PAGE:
The last novel I reviewed for this blog was Byatt's Still Life, the review you can read here. It's taken me awhile, but I've finished Byatt's latest tome, The Children's Book. There was a lot of critical acclaim for this novel, and it was shortlisted for the Booker in 2009. Is it deserving of praise? Has Byatt maintained her quality? Let's take a look.
The Children's Book is a sprawling, gigantic novel about a whole slew of characters during an extremely turbulent and socially dynamic era, the end of the Victorian reign to the end of the Great War. At the heart of its narrative is the Wellwood family, headed by Olive, a successful author of children's books. Among her many progeny are Tom, the eldest and inspiration for Olive's protagonists, Dorothy, who aspires to be a doctor, in a tumultuous time. There's also Prosper Cain, curator of the Museum, his children Julian and Florence; Benedict Fludd, potter, his children Geraint, Imogen and Pomona. The London Wellwood, including Basil, banker, his children Charles and Griselda. All of these characters are connected by Phillip Warren, a young boy, escaped from the factories and hiding in the museum. It is Tom and Julian who find him, and the main thrust of the plot begins.
The relationships and connections of the characters are extremely complicated and ever changing. Marriages, sexual encounters, friendships, familial connections, and other elements make up this gigantic protean family. It's quite difficult to keep track of all of them for the first half of the book, as Byatt slowly and seemingly directionlessly introduces every strand and tangent.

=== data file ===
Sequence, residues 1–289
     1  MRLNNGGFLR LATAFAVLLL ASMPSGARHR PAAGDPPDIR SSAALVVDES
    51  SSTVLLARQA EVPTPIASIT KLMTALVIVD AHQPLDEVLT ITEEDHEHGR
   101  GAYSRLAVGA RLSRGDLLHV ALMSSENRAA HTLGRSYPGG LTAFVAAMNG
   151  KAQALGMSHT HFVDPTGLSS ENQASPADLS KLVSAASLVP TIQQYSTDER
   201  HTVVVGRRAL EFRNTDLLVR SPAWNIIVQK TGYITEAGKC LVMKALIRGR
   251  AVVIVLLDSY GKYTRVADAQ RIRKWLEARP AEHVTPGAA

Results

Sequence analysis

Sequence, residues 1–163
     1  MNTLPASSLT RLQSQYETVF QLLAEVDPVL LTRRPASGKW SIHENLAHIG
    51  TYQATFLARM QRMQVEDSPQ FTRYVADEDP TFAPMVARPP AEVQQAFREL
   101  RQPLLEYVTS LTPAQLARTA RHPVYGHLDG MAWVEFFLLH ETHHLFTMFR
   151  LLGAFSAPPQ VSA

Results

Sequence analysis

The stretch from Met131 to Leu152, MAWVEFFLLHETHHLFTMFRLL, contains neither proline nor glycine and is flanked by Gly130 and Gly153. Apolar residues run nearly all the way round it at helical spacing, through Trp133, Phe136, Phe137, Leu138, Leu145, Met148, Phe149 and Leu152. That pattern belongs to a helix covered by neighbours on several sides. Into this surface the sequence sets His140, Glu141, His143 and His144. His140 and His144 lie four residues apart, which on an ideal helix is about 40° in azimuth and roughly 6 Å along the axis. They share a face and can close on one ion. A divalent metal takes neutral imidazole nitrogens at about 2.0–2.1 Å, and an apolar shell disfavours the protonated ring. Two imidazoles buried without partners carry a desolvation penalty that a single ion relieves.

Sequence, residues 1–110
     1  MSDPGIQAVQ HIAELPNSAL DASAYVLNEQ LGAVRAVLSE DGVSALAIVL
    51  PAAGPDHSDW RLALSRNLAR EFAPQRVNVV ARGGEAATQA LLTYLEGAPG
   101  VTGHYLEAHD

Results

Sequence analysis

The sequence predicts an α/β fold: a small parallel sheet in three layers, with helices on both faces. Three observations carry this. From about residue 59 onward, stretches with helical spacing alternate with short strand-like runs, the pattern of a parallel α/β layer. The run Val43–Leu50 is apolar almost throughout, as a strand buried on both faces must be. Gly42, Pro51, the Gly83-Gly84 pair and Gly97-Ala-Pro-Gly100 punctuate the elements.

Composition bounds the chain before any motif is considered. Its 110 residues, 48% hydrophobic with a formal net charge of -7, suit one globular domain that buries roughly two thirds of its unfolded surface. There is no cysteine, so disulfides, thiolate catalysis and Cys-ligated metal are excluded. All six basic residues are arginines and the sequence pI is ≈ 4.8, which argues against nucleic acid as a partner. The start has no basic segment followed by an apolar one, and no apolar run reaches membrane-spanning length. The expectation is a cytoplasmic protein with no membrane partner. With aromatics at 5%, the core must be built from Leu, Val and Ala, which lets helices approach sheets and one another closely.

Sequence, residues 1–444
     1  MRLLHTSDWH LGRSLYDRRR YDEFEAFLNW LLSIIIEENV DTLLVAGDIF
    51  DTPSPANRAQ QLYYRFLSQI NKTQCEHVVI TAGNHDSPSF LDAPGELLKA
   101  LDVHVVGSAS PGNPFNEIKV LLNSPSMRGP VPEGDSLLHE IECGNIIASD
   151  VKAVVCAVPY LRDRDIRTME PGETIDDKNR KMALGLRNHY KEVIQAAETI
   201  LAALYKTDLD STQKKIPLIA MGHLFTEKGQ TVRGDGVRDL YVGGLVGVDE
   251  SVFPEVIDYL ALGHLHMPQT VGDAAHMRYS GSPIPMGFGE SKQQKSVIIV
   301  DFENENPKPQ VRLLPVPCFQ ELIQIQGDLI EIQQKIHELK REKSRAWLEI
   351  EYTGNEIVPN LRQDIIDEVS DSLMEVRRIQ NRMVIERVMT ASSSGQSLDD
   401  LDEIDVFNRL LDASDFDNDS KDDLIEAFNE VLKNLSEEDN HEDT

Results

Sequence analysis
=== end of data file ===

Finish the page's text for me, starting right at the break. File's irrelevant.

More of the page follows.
At the same time as a family epic, Byatt is repeating some of her tropes seen in the Frederica Quartet. The Children's Book is a vast study of the intellectual, political, sexual and social development of English society from the death of Queen Victoria to the end of the most deadly and destructive war the English had ever seen. Byatt spends pages upon pages informing us of various political groups, anarchist agendas, and books and paintings and plays and everything else in between.
It seems to me that there are two major themes to look at in this book. The first is that during this era, there was a proliferation of children's literature, read by the old and young alike. It appears to be a desire to return to innocence, a return to nature, to childishness. This is starkly contrasted with the political and social upheaval being felt all through Europe. This comparison and contrast is the first major theme.
The second is of the damage done by these two things to the actual individual, in a figurative and literal sense. The individual in a figurative sense disappears in England. Byatt reinforces this by the primacy of groups and collective: the Fabian Society, the Suffragists, the Anarchists, etc. This is also reinforced by the children joining, resisting, flailing against. This novel is replete with images and descriptions of crowds and people, like when Geraint moves to London and works with the other young men. Byatt describes his walking to work in a crowd of hundreds, all wearing the same grey and black suits, with the same intent look on their face.